An unexpected, intelligent success from an artist proving her detractors wrong.
Jaime Gill 2010
When Hole’s raging, ragged debut album appeared in 1991, few would have predicted that new records would still be appearing under that name 19 years later. But then, Courtney Love has often turned being misunderstood and underestimated into an art form.
Of course, there will always be Love-loathers who dismiss her every success as solely dependent on her status as Kurt Cobain’s widow. This ignores the fact that she has slowly and erratically built up a back catalogue which rivals Cobain’s in depth, if not in impact. Nobody’s Daughter, despite its lengthy and troubled gestation, is a rich and emotionally searing addition to that canon, effortlessly besting her haphazard solo album.
The imperious title-track opens and establishes the blueprint. The sound is still distinctly 90s (the strafing guitars suggesting that Love has been listening to The Afghan Whigs) but her vocals have a new, weathered stateliness. Love has always had a Plath-like obsession with her own mythology, but on Nobody’s Daughter it is given full reign. She rages, “Don’t tell me I have lost when clearly I’ve won,” with the righteous, defiant fury of someone who didn’t die or fade away as many predicted, and some seemed to desire.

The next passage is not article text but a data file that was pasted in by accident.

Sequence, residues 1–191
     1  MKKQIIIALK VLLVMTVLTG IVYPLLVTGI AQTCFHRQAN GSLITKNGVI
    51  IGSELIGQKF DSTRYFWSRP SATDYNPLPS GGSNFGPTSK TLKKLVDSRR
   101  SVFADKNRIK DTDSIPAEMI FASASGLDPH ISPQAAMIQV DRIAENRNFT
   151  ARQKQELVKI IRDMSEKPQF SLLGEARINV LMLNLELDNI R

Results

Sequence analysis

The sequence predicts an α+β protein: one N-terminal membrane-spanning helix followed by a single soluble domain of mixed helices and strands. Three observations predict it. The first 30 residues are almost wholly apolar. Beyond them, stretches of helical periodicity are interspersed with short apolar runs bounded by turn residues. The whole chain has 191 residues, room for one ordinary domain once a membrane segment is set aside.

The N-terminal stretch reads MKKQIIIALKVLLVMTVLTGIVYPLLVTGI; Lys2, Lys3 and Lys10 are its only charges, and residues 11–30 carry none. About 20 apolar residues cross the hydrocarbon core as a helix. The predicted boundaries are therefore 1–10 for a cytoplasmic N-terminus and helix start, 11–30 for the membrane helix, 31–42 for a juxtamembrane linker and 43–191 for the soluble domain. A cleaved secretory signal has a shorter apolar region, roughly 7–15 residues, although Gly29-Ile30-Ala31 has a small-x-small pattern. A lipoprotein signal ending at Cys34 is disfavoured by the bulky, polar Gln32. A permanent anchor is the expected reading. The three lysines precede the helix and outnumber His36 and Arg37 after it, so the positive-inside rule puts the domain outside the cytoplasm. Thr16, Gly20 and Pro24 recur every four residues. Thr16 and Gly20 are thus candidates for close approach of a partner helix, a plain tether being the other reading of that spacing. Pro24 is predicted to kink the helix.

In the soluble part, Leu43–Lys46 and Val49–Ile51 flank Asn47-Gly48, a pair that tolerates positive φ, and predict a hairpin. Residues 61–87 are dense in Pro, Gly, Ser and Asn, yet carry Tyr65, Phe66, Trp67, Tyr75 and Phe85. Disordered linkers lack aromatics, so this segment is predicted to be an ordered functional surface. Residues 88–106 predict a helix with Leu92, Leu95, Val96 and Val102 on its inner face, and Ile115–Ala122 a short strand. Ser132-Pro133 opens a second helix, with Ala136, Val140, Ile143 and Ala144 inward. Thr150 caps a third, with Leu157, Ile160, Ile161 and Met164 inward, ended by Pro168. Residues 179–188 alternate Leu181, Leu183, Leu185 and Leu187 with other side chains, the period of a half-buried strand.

The album’s two emotional centrepieces are more introspective. On the tender, elegiac FM rock of Pacific Coast Highway she obliquely but unmistakeably reflects on the marriage which defined and nearly destroyed her, and its “miles and miles of regrets”. On the brooding, slow-burning Letter to God she exposes herself even more brutally: lamenting over forlorn, sighing guitars that “I never wanted to be some kind of comic relief” and she's "turned into a freak”. The gorgeous melody lifts it from self-absorption into something movingly beautiful.
But the most gratifying thing about Nobody’s Daughter is that almost every song is strong. Skinny Little Bitch is a numbskull-riffed throwaway, but is flanked by songs as bruisingly lovely as Honey, as hook-heavy as Samantha, or as wistful and sad-eyed as For Once in Your Life, which sees Love channel Marianne Faithfull to gently riveting effect.
It’s said that living well is the best revenge, but that has never seemed an entirely realistic option for Love. Instead she will have to settle for proving her armies of detractors wrong with records as lingering, intelligent and unexpected as this.